Splitting Flat Files

Hi Experts,

I hope you can help. :slight_smile: I have a flat file that comes in from the mainframe. The layout looks like this:

H<header>
E<email>
S<subject>
B<body>
B<body>
A<attachment>
A<attachment>
A<attachment>
E<email>
S<subject>
B<body>
B<body>
A<attachment>
A<attachment>
A<attachment>
T<transid>

I need to split the file in multiple files so I get something like this:

File1:
E<email>
S<subject>
B<body>
B<body>
A<attachment>
A<attachment>
A<attachment>

File2:
E<email>
S<subject>
B<body>
B<body>
A<attachment>
A<attachment>
A<attachment>

And save the files into another directory. Anyone has an idea if this is possible?

Thank You,
Sebastian

Sebastian,

After getting the file from mainframe, use pub.string:tokenize and specify the delimiter as ‘E’ and you’ll get a value list.In your case, you’ll have 3 entries in the value list.check the starting character of each entry in the value list and if it starts with ‘E’, write the value list entry to a file.

HTH
ramesh.

Hmm, it didn’t work too well b/c when I put in “E” as delimiter then if for example the email address has an “E” within then it is not processed correctly. How can I determine the delimiter as this first character only?

I don’t think the flat file adapter can accomplish what you want. Why is the email coming as a flat file? Can you not send the email directly to Wm and then use the SMTP services to get the contents and so forth.

Actually what Ramesh propose would work great b/c I am trying to divide the content of the flat file into pieces and then save it back into to text file. I guess what I am looking for is a regular expression that I can put in the delimiter that will searche for an “E” in the first string only of each line. Can we use regular expression as delimiter? Any one knows what this Regular Expression should look like? Many THanks!

correction: it will search for “E” as the first letter in the first string of the line.

I tried: /^[Ee]/ and ^E but these are no good b/c they look into all strings of the given line.

This may not be the most elegant approach, but it will work. You will need to fill in the details yourself. Read in the file contents, convert them to a string and tokenize the string. Loop over the resulting list of values and look at the first character of each (you can use pub.string:substring). Do nothing for H and T and append all others to a new string list. If the first character is E, increment a counter. If it’s not the first iteration, use pub.string:makeString on the new list and drop the new list variable. Write the resulting string to a unique file name. Do one more write after your loop to catch the last iteration. Hope this helps,

Tim

you could also try

E<

as your expression… It should work

I. Monzon,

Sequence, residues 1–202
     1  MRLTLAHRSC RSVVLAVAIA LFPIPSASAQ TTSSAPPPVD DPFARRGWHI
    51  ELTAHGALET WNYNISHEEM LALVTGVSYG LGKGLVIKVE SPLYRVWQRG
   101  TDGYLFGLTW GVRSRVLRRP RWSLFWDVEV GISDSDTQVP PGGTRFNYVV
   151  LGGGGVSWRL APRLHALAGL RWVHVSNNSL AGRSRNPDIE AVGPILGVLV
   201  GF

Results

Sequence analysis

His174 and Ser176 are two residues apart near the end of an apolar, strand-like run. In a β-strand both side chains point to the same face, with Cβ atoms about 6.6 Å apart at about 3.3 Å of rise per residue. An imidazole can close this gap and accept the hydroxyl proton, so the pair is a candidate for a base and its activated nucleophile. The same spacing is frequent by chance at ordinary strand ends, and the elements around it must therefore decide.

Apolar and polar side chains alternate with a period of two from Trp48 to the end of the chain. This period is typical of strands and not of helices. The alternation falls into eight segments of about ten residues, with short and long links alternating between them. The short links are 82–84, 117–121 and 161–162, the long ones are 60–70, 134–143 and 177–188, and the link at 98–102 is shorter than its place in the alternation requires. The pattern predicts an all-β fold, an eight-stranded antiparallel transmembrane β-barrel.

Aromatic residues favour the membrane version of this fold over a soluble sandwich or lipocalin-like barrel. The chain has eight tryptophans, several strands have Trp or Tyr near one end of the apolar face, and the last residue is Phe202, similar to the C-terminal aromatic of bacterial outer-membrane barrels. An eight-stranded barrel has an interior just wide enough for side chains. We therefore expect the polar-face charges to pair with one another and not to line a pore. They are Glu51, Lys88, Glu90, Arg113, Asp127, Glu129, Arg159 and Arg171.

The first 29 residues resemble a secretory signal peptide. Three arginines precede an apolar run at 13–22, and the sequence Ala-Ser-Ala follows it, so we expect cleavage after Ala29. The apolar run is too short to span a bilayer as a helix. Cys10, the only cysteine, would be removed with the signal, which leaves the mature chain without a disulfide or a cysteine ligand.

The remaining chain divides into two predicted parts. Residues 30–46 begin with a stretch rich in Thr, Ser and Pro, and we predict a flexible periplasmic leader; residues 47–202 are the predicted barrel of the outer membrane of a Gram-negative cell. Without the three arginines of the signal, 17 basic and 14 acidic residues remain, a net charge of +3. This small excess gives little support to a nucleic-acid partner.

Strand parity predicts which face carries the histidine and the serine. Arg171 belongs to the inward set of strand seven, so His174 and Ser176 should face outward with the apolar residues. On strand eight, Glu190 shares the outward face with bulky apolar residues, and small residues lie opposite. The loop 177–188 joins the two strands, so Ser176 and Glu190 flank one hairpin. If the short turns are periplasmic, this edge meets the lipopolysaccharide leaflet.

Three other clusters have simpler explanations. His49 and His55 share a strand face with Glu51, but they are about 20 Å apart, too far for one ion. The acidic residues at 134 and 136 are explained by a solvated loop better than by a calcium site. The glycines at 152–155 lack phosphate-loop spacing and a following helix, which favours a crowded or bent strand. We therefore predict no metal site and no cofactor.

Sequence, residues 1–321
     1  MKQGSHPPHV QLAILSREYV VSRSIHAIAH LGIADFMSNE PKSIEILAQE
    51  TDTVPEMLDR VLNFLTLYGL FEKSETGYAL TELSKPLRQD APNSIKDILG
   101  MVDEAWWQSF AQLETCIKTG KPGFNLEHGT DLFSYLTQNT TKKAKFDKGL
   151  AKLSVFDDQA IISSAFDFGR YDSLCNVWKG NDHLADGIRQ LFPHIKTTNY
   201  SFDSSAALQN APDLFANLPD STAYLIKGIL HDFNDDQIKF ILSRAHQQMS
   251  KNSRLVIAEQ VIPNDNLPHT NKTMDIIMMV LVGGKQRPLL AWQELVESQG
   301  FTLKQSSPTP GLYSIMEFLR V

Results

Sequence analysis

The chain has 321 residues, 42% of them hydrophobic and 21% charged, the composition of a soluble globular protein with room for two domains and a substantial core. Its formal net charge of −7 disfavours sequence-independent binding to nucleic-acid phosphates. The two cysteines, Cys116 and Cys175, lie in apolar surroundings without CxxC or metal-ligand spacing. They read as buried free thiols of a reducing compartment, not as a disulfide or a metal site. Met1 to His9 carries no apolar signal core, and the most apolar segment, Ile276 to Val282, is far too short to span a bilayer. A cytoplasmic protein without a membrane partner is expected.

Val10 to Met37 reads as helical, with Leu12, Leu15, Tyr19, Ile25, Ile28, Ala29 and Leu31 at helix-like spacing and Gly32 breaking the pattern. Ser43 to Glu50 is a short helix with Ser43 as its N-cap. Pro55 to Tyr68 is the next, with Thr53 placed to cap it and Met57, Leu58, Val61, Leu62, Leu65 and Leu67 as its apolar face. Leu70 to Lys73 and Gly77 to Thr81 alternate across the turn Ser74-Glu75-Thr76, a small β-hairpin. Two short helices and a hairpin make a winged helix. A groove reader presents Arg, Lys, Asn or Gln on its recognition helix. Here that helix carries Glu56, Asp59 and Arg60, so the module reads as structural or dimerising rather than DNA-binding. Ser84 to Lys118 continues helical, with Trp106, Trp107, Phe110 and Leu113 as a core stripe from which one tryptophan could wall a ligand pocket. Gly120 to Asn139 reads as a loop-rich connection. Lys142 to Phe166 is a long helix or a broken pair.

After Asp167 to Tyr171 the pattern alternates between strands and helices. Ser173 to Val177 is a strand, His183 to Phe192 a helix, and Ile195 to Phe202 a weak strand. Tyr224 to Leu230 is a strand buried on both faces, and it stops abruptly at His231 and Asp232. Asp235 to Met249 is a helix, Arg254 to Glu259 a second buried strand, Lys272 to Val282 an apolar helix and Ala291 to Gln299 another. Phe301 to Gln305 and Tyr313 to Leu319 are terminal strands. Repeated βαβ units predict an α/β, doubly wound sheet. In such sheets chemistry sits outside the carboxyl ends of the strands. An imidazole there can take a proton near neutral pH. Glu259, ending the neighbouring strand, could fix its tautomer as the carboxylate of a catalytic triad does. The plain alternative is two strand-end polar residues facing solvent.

That is almost perfect but now what happened: in the valueList the white spaces between the strings were removed and the capitol "E"s were removed from other strings. Other than that that would work perfectly. Should I add something to it?

Thanks!!
Sebastian

It appears from your original post that the file comes in with some kind of carriage return or newline character between each line. If this is true, you can use the tokenize service without specifying a delimiter and it will give you a string list with each line as a separate element. You can then manipulate this list in a variety of ways to get what you want. If this is not the case, and the lines are not of fixed length, then it will be more difficult to parse the text.

Tim

Tim,

Yes, the FlatFIle has carriage return on each line. If I tokenize without specifying a delimiter how can I then divide the file?

Thanks,
Sebastian

Sebastian,

I think you cannot use regex as a delimiter.sending a sample flow.

HTH
ramesh.


splitFile.zip (5.8 k)

Sebastian,

Forgot to mention a point.edit the psutilities config file and specify the allowed path string.let me know if you have any problems with the flow i sent.

ramesh.

You can loop over the list of values and do several different things. In the service I described earlier, I took the substring of the first character of each value, stored it in a variable and branched on its possible values. I was able to produce the output you require.

Tim

I dont think you can use regular exp as the delimiter for the tokenize service.i tried using E< as Gordon suggested, but that checks for ‘E’ in the middle of the string also.i think what sebastian wanted was to check only at the beginning of the string.
correct me if i’m wrong.

ramesh.

Any text specified as the delimiter will have all occurrences of this text removed by the tokenize service. If this is undesirable, as appears to be the case here, then it’s better not to specify a delimiter and let tokenize split the file into values that can be manipulated.

Tim

Try this,

Pub.string.replace - replace E< by ***E<
Tokenize on ***

you can use anything like *** as replacement separator.
Just make sure that you makeit as unique as possible, something like
SEBASTIANSEPARATOR or SSSSSSEBASTIANSSSSS, you get the Idea
It is the simpler way even thought It is not very polished.

You could also try to work with pub.string.indexOf to get position for your ocurrences and then work with a pub.string.substring before writing to file… but I think the above approach is a good workaround.

hth

Try replacing E<email> by ***E<email>

and then follow as I explained
This should get rid of your capital letters problem.

I put ~E as separator and works perfectly. Thank You guys!